Preventing Prevention

Protest Against Controversial Non-Disclosure HIV Law

Jordan Arsenault was one of the organizers for the rally last Monday. Photos Corey Pool

A group of activists gathered outside the Montreal Superior Court Feb. 7 to protest the criminalization of non-disclosure of an HIV-positive status.

The following day, the Supreme Court of Canada heard two landmark cases on this issue in R v. Mabior and R v. DC.

These cases will decide whether it is a criminal offence to withhold an HIV-positive status if risk of transmission is low.

“We think that the criminalization of non-disclosure prevents prevention,” said Jordan Arseneault, editor of 2B Magazine and organizer with Radical Queer Semaine.

RQS, in conjunction with The Warning, Coalition des organismes communautaires québécois pour le sida, Stella Montreal, PolitiQ-queers soidaires, organized the demonstration.

Arseneault argued the controversial law is counter-productive in curbing the transmission of HIV.

He is not alone.

In a recent interview, Réjean Thomas—a leading researcher in the field of HIV/AIDS, and head doctor at Montreal’s Actuel Clinic—put a few of these issues into perspective.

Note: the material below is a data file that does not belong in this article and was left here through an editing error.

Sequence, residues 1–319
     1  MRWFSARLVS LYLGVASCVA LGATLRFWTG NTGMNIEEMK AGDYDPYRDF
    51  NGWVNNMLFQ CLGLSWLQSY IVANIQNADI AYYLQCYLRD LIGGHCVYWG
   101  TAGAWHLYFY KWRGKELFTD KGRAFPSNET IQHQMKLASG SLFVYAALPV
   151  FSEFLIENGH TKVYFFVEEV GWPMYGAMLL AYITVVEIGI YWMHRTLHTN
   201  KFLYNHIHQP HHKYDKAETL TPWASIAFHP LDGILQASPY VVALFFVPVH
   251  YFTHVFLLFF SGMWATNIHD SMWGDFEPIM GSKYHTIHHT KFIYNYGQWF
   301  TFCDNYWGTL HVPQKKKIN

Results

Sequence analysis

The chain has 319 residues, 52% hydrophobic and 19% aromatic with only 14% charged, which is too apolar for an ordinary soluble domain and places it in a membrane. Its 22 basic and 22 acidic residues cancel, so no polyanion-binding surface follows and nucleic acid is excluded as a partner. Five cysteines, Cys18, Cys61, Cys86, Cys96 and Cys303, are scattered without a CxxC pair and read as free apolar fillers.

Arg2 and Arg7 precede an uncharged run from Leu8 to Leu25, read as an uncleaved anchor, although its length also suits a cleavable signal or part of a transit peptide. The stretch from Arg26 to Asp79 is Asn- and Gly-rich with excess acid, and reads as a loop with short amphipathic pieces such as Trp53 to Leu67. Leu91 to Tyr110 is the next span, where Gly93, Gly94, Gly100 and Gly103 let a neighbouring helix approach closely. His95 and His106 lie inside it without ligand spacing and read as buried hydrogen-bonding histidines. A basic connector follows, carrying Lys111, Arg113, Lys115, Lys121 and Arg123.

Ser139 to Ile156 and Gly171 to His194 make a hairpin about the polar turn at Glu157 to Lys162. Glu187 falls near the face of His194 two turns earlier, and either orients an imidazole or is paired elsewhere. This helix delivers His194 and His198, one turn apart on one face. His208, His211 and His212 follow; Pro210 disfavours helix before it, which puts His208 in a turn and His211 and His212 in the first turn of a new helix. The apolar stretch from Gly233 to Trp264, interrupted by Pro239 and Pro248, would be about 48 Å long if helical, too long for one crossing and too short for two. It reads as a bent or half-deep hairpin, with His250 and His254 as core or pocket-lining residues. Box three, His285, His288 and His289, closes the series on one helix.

“[In Quebec,] 20 to 30 per cent of HIV positive people do not know their status, which is a huge problem related to social stigma and criminalization,” said Thomas. “This means that the approximately 25 per cent of people who do not know they are HIV [positive] are responsible for 50 per cent of all new infections.”

Consequently, the leading health risk for gay men, for example, remains HIV.

“The problem is that there are not currently enough resources, social, psychological and financial, to prevent high-risk [HIV] negative men and youth from getting infected,” said Thomas.

Non-disclosure of your status can result in life-long jail sentences for charges ranging from aggravated assault, to sexual assault, manslaughter, or murder.

“If you threaten people with jail-time and with criminal records for not disclosing their HIV status, they’re not going to disclose their HIV status,” said Arseneault.

Advocates of ending the criminalization of non-disclosure argue that the law doesn’t consider scientific advancements in the field of HIV prevention and violates basic human rights.

“The legal system, which is outdated and based on fear instead of prevention, is still being allowed to prosecute people for non-disclosure,” said Arseneault.

Many groups including the Canadian HIV/AIDS Legal Network and UN AIDS are against the criminalization of non-disclosure of HIV status.

“These are not minority issues,” said Arseneault. “This goes to the core of how we as a society conceive of illness and conceive of what the proper use of our justice system is. The justice system will not, and cannot aide prevention efforts under this law.”